Category Archives: Neuro-Philosophy

A Neurophilosophy of Fake News, Disinformation and Digital Citizenship

While early fears of misuse of the Internet centered around small-time theft and the ensnaring of minors into inappropriate or dangerous activities, recent years—particularly since 2016—have demonstrated the profound political capacities of the Internet to manipulate popular opinion and influence … Continue reading

Posted in Neuro-Philosophy | Tagged | Comments Off on A Neurophilosophy of Fake News, Disinformation and Digital Citizenship

A Neurophilosophy of Big Data & Civil Liberties, and the Need for a New Social Contract

This is post three in a short-term series by Prof Nayef Al-Rodhan titled “Neurophilosophy of Governance, Power and Transformative Innovations.” This series provides neurophilosophical perspectives and multi-disciplinary analyses on topics related to power and political institutions, as well as on … Continue reading

Posted in Big Data, Neuro-Philosophy | Tagged , | Comments Off on A Neurophilosophy of Big Data & Civil Liberties, and the Need for a New Social Contract

A Neurophilosophy of global trans-cultural understanding

Philosophy of culture has a long history of reifying culture(s) in opposition to nature. This goes a long way back to the Greek Sophists. Hippias, one of the most famous representatives of the Sophist movement described human institutions and customs … Continue reading

Posted in Neuro-Philosophy | Tagged | Leave a comment

A Neurophilosophy of Power and Constitutionalism

With this post, the Blog of the APA is beginning a new short-term series by Prof Nayef Al-Rodhan titled “Neurophilosophy of Governance, Power and Transformative Innovations.” This series provides neurophilosophical perspectives and multi-disciplinary analyses on topics related to power and … Continue reading

Posted in Neuro-Philosophy | Tagged | Comments Off on A Neurophilosophy of Power and Constitutionalism

A Neurophilosophy of Divisive Politics, Inequality and Disempowerment

If journalists, pundits, academics, and commentators of all stripes can agree on anything, it is that our current times are characterized by extraordinarily divisive politics. In the public domain, an entire vocabulary has been developed and elaborated in the service … Continue reading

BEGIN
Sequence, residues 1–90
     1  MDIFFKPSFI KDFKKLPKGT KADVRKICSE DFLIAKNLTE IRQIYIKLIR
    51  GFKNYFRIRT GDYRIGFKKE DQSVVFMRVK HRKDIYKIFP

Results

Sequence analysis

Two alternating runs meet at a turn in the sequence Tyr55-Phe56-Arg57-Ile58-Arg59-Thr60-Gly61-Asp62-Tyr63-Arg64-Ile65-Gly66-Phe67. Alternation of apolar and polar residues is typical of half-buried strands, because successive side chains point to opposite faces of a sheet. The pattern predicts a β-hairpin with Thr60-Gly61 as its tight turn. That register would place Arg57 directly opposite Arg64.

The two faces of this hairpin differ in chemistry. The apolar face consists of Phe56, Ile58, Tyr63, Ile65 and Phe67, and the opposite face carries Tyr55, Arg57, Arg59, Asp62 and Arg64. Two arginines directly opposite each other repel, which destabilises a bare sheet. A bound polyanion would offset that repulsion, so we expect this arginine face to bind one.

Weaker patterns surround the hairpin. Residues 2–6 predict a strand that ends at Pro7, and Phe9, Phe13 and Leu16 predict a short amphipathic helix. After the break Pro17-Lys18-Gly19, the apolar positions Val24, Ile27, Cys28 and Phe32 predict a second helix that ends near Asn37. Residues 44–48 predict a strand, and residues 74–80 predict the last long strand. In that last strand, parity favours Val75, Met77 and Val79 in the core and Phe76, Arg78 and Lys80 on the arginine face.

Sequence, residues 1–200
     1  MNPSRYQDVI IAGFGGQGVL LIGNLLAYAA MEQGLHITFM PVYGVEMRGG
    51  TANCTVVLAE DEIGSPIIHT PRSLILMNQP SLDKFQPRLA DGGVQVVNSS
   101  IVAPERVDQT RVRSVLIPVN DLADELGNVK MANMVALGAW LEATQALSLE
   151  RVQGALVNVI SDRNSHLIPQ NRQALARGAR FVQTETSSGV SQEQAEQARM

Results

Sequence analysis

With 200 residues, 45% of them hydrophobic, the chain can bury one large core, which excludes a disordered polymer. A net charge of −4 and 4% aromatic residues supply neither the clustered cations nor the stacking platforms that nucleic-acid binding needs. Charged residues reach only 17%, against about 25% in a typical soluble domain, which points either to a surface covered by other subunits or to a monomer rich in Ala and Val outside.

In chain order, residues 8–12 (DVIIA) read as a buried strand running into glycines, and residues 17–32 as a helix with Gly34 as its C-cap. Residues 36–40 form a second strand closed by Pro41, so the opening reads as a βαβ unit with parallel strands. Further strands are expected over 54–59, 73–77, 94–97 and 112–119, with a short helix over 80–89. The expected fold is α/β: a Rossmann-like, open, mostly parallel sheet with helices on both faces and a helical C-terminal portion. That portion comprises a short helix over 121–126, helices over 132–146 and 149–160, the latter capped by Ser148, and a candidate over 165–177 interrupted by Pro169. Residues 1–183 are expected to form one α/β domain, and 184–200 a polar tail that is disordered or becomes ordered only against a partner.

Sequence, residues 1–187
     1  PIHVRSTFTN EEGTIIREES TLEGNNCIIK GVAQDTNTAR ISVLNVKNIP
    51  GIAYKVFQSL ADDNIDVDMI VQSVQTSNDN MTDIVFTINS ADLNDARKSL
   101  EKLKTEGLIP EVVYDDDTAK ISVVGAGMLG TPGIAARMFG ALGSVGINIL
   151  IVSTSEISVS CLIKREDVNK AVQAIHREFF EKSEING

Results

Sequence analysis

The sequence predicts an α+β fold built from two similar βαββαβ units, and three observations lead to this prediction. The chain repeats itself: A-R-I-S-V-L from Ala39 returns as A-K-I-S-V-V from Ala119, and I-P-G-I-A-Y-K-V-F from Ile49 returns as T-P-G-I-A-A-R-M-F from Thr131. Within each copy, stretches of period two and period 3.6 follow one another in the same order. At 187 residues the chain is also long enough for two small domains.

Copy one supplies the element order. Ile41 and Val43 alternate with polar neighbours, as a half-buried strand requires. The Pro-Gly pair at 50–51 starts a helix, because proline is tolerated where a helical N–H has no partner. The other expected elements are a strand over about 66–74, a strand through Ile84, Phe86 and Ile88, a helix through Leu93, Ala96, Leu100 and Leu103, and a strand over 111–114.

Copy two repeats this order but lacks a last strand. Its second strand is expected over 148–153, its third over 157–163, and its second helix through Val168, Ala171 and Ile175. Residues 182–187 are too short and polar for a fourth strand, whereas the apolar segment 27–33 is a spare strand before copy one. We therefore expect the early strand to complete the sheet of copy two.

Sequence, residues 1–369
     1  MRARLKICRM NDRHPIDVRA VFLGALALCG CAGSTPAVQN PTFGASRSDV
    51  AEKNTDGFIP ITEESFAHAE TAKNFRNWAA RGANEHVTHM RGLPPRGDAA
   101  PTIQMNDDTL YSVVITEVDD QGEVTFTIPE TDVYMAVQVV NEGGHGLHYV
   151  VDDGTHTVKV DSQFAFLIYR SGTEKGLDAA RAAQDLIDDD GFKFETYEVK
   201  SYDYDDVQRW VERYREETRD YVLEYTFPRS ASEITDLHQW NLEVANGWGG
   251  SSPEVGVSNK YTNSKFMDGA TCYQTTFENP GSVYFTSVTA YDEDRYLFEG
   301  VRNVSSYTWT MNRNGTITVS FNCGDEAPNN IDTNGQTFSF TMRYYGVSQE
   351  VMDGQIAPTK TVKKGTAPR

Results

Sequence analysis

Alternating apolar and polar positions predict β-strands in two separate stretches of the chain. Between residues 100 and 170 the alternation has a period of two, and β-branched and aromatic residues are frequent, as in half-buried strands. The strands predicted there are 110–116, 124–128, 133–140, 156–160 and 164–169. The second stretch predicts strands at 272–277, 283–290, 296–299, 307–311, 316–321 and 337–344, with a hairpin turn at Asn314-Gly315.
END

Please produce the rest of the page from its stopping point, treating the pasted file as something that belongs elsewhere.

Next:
Posted in Neuro-Philosophy | Tagged | Comments Off on A Neurophilosophy of Divisive Politics, Inequality and Disempowerment

A Neuro-Philosophy of History: “Sustainable History”; with Dignity, and without Directionality

Philosophies of history tend to assume one form or another of directionality. For an important number of philosophers, History has been understood to have a definite trajectory, moving forward to some specified end-state. These end-states have varied, from idealized conceptions … Continue reading

Posted in History, Neuro-Philosophy | Tagged , | Comments Off on A Neuro-Philosophy of History: “Sustainable History”; with Dignity, and without Directionality

A Neuro-Philosophy of Dignity-Based Governance

The duality mind-body has ancient roots in philosophy, most notably with Plato, Descartes, and others. In dualism, the mind and body are contrasted as two are different realms. However, the interaction between them has been approached from different philosophical perspectives. … Continue reading

Posted in governance, Neuro-Philosophy | Tagged , | Comments Off on A Neuro-Philosophy of Dignity-Based Governance

A Neuro-Philosophy of Human Nature: Emotional Amoral Egoism and the Five Motivators of Humankind

In 1893, at an event in Oxford, biologist Thomas Henry Huxley (and staunch supporter of Darwin’s ideas – support which earned him the nickname “Darwin’s bulldog”) laid out his theory of human nature and morality. His theory posited that the … Continue reading

Posted in human nature, human psychology, Neuro-Philosophy | Tagged , , | Comments Off on A Neuro-Philosophy of Human Nature: Emotional Amoral Egoism and the Five Motivators of Humankind